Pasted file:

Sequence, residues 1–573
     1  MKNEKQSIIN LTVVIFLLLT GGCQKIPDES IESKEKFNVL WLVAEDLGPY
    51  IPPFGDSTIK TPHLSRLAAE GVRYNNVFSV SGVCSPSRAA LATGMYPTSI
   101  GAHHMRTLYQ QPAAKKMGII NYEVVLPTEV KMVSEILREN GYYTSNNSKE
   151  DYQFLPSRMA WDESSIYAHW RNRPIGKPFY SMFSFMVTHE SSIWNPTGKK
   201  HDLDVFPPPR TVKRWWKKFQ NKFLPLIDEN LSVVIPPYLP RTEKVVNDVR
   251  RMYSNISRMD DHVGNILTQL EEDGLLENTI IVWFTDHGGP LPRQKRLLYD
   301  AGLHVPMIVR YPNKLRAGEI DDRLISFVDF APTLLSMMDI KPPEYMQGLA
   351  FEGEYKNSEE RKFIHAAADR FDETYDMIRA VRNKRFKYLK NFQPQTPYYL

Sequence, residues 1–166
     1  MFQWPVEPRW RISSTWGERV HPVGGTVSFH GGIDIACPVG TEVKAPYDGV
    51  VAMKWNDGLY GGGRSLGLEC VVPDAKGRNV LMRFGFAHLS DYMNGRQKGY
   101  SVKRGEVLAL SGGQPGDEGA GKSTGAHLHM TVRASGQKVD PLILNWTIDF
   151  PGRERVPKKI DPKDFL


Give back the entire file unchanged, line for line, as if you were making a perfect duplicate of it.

Sequence, residues 1–573
     1  MKNEKQSIIN LTVVIFLLLT GGCQKIPDES IESKEKFNVL WLVAEDLGPY
    51  IPPFGDSTIK TPHLSRLAAE GVRYNNVFSV SGVCSPSRAA LATGMYPTSI
   101  GAHHMRTLYQ QPAAKKMGII NYEVVLPTEV KMVSEILREN GYYTSNNSKE
   151  DYQFLPSRMA WDESSIYAHW RNRPIGKPFY SMFSFMVTHE SSIWNPTGKK
   201  HDLDVFPPPR TVKRWWKKFQ NKFLPLIDEN LSVVIPPYLP RTEKVVNDVR
   251  RMYSNISRMD DHVGNILTQL EEDGLLENTI IVWFTDHGGP LPRQKRLLYD
   301  AGLHVPMIVR YPNKLRAGEI DDRLISFVDF APTLLSMMDI KPPEYMQGLA
   351  FEGEYKNSEE RKFIHAAADR FDETYDMIRA VRNKRFKYLK NFQPQTPYYL

Sequence, residues 1–166
     1  MFQWPVEPRW RISSTWGERV HPVGGTVSFH GGIDIACPVG TEVKAPYDGV
    51  VAMKWNDGLY GGGRSLGLEC VVPDAKGRNV LMRFGFAHLS DYMNGRQKGY
   101  SVKRGEVLAL SGGQPGDEGA GKSTGAHLHM TVRASGQKVD PLILNWTIDF
   151  PGRERVPKKI DPKDFL